The UK has a 'stop and frisk' problem, too

The World
An armed police officer patrols ahead of the arrival of members of Britain's royal family to a service of thanksgiving for Queen Elizabeth's 90th birthday at St Paul's cathedral in London, Britain, June 10, 2016.

An armed police officer patrols ahead of the arrival of members of Britain's royal family to a service of thanksgiving for Queen Elizabeth's 90th birthday at St Paul's cathedral in London, Britain, June 10, 2016.

Reuters/Peter Nicholls

Over the past week, it feels to many in the US like the already uncomfortable relationship between law enforcement and minorities is unraveling. But fatal shootings and overt violence aren’t the only sources of conflict. "Stop and frisk" searches, for example — which disproportionately affect minorities — have also been a heated point of contention between law enforcement and minority communities.

The UK has a similar problem. Former London police officer Nick Glynn says he has experienced police racism first-hand. Glynn, who is black, has been stopped dozens of times for what the UK calls "stop and search."

The fact that he was a police officer himself had varying effects on the officers who stopped him.  

“On some occasions it’s changed the encounter for the better and they have been much more friendly … the encounters ended pretty quickly,” Glynn said, “but on other occasions for some reason it has made it worse.”

A police officer checks an man's mobile phone after stopping and searching him on a back street in the Brixton neighbourhood of London.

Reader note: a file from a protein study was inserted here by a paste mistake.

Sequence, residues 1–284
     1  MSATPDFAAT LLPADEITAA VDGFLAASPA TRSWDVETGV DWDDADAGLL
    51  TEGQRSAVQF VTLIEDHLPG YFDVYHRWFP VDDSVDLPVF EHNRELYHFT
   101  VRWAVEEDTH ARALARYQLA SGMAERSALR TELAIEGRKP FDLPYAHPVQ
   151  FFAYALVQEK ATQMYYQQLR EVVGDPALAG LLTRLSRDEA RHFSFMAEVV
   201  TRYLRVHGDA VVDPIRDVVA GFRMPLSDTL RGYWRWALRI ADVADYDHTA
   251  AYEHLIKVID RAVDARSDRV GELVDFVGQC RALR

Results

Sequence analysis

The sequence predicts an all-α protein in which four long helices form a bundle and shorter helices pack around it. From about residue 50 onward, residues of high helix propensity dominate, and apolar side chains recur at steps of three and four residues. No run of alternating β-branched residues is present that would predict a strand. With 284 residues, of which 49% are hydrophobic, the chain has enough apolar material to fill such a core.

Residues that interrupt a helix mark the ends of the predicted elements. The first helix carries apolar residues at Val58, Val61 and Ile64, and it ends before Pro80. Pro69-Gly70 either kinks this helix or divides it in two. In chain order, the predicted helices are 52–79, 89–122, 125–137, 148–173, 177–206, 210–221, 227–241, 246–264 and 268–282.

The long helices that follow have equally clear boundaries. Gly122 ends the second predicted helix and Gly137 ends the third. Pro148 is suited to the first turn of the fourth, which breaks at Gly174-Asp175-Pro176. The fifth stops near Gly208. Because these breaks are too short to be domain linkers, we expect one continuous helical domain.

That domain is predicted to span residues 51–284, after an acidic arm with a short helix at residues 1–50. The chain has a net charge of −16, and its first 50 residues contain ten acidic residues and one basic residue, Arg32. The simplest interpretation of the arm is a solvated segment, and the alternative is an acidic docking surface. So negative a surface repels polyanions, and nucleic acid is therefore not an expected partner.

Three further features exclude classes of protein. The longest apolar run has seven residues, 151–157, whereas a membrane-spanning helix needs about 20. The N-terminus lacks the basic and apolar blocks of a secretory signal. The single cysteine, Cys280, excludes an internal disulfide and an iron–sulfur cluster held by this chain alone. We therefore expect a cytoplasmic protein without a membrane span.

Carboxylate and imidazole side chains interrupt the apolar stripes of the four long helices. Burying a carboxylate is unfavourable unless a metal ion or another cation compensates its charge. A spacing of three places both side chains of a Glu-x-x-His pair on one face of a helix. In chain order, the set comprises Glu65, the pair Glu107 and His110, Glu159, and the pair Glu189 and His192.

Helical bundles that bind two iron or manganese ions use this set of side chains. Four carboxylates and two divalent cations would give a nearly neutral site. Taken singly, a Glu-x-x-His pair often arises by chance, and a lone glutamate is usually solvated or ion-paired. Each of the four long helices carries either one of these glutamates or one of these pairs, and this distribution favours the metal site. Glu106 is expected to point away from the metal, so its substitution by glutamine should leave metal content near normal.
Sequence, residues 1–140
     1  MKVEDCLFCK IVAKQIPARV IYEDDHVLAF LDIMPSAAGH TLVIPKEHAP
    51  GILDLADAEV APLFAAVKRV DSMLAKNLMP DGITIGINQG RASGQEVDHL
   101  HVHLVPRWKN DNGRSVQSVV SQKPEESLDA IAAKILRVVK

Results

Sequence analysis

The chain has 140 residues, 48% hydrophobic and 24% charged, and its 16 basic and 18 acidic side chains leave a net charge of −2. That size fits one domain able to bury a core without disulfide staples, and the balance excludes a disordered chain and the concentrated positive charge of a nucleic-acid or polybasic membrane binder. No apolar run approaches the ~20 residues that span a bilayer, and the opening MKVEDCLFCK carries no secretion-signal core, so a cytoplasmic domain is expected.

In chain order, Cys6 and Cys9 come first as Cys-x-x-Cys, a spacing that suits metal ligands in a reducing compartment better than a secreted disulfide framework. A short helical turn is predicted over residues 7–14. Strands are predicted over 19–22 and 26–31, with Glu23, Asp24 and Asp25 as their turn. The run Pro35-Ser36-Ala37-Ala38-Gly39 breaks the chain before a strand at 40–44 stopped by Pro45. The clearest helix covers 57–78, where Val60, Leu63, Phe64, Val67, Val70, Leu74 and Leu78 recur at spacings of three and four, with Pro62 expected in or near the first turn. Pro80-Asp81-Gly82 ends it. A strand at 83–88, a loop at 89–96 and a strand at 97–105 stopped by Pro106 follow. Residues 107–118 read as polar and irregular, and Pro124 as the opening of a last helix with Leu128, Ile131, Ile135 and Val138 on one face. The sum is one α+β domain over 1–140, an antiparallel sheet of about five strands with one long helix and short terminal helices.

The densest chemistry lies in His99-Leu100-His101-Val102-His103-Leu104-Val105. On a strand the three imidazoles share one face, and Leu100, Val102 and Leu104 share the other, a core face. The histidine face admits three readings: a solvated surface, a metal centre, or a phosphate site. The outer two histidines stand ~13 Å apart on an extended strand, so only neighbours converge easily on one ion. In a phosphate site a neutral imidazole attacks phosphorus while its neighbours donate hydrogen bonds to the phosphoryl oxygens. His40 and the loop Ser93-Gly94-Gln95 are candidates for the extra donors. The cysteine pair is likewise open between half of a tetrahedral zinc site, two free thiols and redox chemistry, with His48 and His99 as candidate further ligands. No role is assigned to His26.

A police officer checks an man's mobile phone after stopping and searching him on a back street in the Brixton neighbourhood of London.

Credit:

Reuters/Andrew Winning

Glynn has no doubt that when people are stopped on the streets of London racial profiling is a key factor. In one of Glynn’s first encounters with the police in the late 1980s, Glynn figured he was stopped because he was driving a new car. But the trend has continued, and he still gets stopped frequently.

“More recently I’ve been stopped a number of times where my genuine belief was the only reason I’ve been stopped is because it’s a black guy driving a car,” Glynn said.

“I don’t think it’s quite on the scale that it is in the US [in the UK] because we have different histories and we have different population makeup, but it’s still a big issue here.”

There are tools available to bring more accountability to policing, however. Glynn notes data on police "stop and search" practices as one of them.

“The availability of data means that both the police internally can have effective scrutiny but also the public can have access to that data … which means they can hold the police to account because policing is done for and with the public.”   

Glynn can relate to what’s going on in the United States, and he believes progress can be made to improve the relationships police officers have with minorities.

“It feels like things are spiraling, and there’s a real need for calm collected reflection, honesty, for transparency; for absolutely a focus on looking for solutions.”